Using the hepatotoxicity endpoint values estimated from LRTD values, we investigated if the prediction of hepatotoxicity could be improved by combining structural models with gene expression data and metabolic models using the LINCS database (Duan et al.
First, we determined LRTD doses for each histopathological finding and assigned the compounds into toxicity classes.
2: Correlation between pairs of compounds for hepatotoxicity endpoints as a function of chemical similarity a) Correlation between pairs of similar compounds as a function of the similarity threshold for hepatotoxicity endpoints (HT) quantified as LRTD, representing the lowest dose at which they were positive in any study and grouped by controlled terms: morphological findings (MF); clinical chemistry (CC); hepatobiliary injury (HB); and hepatocellular injury (HC).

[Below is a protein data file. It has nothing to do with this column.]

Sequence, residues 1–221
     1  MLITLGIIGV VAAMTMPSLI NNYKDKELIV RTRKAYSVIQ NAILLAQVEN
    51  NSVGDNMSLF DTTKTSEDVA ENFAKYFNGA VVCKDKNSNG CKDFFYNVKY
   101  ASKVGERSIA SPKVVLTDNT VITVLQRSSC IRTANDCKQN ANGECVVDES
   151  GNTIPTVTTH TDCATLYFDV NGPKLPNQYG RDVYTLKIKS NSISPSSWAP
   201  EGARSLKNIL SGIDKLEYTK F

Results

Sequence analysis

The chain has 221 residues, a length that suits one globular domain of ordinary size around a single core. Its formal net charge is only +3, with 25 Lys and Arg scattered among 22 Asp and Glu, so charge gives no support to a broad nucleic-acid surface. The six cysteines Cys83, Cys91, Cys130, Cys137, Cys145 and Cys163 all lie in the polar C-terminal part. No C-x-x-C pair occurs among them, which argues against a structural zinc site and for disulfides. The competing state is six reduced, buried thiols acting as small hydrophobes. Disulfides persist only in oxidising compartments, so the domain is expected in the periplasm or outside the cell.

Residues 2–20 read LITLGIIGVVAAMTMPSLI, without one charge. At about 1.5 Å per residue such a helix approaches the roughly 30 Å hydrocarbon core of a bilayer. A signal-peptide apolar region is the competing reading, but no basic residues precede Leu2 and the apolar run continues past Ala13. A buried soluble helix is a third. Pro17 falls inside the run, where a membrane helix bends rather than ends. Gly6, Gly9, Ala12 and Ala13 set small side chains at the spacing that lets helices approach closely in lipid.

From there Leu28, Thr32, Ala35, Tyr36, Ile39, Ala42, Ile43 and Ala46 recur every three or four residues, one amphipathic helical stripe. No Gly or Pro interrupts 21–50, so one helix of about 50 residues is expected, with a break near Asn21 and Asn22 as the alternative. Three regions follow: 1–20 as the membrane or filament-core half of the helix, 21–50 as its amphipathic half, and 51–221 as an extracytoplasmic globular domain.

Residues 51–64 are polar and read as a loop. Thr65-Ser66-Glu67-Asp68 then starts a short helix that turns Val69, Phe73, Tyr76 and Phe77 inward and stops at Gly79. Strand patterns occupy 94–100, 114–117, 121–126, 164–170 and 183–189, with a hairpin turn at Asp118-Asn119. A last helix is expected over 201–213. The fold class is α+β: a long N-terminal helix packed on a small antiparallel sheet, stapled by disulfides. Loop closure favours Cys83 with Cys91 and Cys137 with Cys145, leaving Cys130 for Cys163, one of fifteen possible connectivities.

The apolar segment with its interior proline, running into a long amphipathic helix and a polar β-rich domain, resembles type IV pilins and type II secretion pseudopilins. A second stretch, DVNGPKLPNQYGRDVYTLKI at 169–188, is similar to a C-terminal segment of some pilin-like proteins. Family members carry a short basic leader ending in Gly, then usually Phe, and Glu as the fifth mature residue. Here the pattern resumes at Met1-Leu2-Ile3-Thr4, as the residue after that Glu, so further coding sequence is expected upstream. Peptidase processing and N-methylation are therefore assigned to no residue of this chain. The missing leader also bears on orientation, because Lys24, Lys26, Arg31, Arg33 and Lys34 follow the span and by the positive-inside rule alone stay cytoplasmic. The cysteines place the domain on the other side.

3: Percentage of positives for the four main hepatotoxicity categories We show positives for LRTD values <10, <50, <100, and <500 mg/kg.
a) LRTD values generated from eTOX compared with estimated network elasticity perturbation according to gene regulation data.
The density function curves of the simulated LRTD and experimental GRTD at varying screw speed (N) are shown in Fig.
Figure 11 shows the density function curves of the simulated LRTD and experimental GRTD with different screw configurations.
With the indirect verification method, the simulated LRTD and the experimental GRTD, and the simulated LART and the experimental GART were compared to prove the reliability.
The trends of experimental GRTD and simulated LRTD were similar, and based on this, the GART and LART at different process conditions are in similar trends, which indirectly verified the reliability of simulation.
The overall and partial RTDs were measured in-line directly and LRTDs were calculated according to a statistical theory.